Flying museum at Sivrihisar to receive combat veteran MkIX after restoration
Combat veteran Supermarine Spitfire IX MA764/G-MCDB has been acquired from Biggin Hill-based Peter Monk by a new owner in Turkey, and following completion of a restoration to fly at the Biggin Hill Heritage Hangar is expected to arrive at Sivrihisar, in the province of Eskisehir, 85 miles south-west of Ankara during March 2024.
Turkey operated three Merlin-powered variants of Spitfire, the MkI, V and IX, but none were retained for preservation, which has left a major gap in the line-up at the Turkish Air Force Museum in Istanbul. Professional air display pilot, aerobatic aircraft designer and aviation businessman Ali Ismet Öztürk stated that an agreement to acquire the fighter was made between the MSÖ Air and Space Museum at Sivrihisar and the adjacent Sivrihisar Aviation Center, saying, “With the agreement reached, MA764 will fly again with wing number 04”. This was the code number of the machine flown by Necati Artan, one of Turkey’s most famous fighter pilots, who flew Spitfires and in 1955 founded the F-86 Sabre-equipped Flying Swans aerobatic team.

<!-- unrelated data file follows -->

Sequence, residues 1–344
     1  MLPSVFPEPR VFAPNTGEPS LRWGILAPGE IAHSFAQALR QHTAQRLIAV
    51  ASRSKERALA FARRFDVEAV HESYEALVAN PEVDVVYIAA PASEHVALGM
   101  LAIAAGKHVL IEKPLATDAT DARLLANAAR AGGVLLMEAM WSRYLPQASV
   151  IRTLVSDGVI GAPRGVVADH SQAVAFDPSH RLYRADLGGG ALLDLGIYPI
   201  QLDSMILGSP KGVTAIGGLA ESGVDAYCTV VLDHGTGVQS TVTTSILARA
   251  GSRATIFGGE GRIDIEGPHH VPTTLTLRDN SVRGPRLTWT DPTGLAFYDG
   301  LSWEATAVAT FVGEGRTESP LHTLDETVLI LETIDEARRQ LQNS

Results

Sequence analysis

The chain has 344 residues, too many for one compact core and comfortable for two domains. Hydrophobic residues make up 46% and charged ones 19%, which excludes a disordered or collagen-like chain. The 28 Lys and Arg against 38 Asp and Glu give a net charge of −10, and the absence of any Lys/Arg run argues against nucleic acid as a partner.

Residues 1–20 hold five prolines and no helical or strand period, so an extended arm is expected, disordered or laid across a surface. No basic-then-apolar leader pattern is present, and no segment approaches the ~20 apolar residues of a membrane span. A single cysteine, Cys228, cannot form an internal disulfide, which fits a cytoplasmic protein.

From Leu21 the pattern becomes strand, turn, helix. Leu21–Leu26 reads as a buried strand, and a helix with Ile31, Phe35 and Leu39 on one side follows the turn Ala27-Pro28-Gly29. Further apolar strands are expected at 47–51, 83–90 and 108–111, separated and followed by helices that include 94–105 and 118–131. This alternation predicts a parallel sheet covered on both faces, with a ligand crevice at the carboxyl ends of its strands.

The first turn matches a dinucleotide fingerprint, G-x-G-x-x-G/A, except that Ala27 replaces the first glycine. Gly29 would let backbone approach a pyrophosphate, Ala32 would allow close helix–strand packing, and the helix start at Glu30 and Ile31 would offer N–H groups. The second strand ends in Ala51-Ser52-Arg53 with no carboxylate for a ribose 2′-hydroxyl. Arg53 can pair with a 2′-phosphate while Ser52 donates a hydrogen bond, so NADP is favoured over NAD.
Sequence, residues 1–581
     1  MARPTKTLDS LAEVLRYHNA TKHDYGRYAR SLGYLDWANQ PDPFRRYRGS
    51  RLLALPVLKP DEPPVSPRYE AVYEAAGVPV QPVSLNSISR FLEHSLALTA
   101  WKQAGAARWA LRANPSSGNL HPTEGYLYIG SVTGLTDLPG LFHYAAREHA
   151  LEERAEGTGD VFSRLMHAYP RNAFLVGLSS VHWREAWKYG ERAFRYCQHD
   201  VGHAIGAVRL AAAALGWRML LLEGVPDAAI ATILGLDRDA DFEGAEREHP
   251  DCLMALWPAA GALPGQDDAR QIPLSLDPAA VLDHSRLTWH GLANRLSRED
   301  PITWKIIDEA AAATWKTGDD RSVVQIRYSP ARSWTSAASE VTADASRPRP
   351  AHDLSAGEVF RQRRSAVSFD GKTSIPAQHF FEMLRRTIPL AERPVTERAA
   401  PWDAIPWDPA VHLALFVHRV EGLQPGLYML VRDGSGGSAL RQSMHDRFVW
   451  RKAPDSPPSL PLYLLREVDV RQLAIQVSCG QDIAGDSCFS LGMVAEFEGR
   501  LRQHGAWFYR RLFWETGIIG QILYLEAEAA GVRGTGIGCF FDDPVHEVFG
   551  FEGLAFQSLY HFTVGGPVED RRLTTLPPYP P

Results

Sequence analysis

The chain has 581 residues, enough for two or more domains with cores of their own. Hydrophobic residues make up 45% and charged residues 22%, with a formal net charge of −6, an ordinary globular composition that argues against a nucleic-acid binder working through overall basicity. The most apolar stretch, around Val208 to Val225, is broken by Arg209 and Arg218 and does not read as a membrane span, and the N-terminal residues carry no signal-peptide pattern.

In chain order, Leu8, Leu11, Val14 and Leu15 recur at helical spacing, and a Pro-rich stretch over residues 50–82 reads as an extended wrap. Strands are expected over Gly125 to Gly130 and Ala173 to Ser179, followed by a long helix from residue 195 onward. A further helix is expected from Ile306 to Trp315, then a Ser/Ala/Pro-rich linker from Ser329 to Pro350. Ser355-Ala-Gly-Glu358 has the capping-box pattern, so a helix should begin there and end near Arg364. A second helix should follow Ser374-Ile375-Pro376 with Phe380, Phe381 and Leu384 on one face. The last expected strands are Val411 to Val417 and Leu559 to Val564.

The MSÖ Air and Space Museum already operates two well-known historic aircraft, the former Old Flying Machine Company North American P-51D Mustang Ferocious Frankie — resident at Sivrihisar since 2018 — and Douglas DC-3 Turkish Delight, which was formerly HB-IRJ and flew in Breitling colours on the European show circuit. The museum also has airworthy examples of the North American T-6 Texan, Boeing Stearman Model 75, Antonov An-2 and Cessna 195 in its fleet.
Originally assigned to No 122 (Bombay) Squadron at Gravesend, Kent on 10 August 1943, on 25 November that year MA764 — alongside 10 other aircraft from the unit — made a fighter sweep in the Lille area of northern France. At about 16.00hrs the Spitfires were attacked by Messerschmitt Bf 109 Gs, and MA764, being flown by Sgt Donald Bostock, suffered a bullet strike in a glycol pipe. The Merlin engine started to overheat and then caught fire, forcing Bostock to bail out. He successfully evaded capture for two months and made it back to Britain during January 1944. The remains of MA764 were recovered in November 2005.